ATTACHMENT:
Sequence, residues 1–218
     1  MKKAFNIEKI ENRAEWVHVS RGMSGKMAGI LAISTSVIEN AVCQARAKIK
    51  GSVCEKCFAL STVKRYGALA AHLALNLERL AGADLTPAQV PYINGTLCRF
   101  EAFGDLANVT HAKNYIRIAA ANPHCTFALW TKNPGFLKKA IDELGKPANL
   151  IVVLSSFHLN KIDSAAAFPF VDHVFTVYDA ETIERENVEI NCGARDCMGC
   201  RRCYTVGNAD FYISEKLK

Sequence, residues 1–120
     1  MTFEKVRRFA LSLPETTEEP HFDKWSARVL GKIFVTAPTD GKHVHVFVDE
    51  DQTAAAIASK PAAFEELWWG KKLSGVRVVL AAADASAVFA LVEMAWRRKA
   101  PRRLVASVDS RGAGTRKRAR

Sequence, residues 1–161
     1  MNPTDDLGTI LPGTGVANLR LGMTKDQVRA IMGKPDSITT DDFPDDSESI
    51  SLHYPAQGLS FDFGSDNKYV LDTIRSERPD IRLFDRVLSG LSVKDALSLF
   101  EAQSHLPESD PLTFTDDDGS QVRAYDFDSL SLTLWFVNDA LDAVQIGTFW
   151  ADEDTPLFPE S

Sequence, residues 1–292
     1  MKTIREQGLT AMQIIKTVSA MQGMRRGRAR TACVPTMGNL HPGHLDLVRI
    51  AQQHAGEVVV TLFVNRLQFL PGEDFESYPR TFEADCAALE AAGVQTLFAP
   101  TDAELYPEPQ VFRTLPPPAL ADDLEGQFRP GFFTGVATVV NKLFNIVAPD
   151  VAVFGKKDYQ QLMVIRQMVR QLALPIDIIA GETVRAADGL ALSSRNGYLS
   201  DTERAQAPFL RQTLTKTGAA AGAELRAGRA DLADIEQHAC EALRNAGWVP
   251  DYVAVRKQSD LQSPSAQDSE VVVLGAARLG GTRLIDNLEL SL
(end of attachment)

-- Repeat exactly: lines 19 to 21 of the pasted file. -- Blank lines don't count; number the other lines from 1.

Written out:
   101  TDAELYPEPQ VFRTLPPPAL ADDLEGQFRP GFFTGVATVV NKLFNIVAPD
   151  VAVFGKKDYQ QLMVIRQMVR QLALPIDIIA GETVRAADGL ALSSRNGYLS
   201  DTERAQAPFL RQTLTKTGAA AGAELRAGRA DLADIEQHAC EALRNAGWVP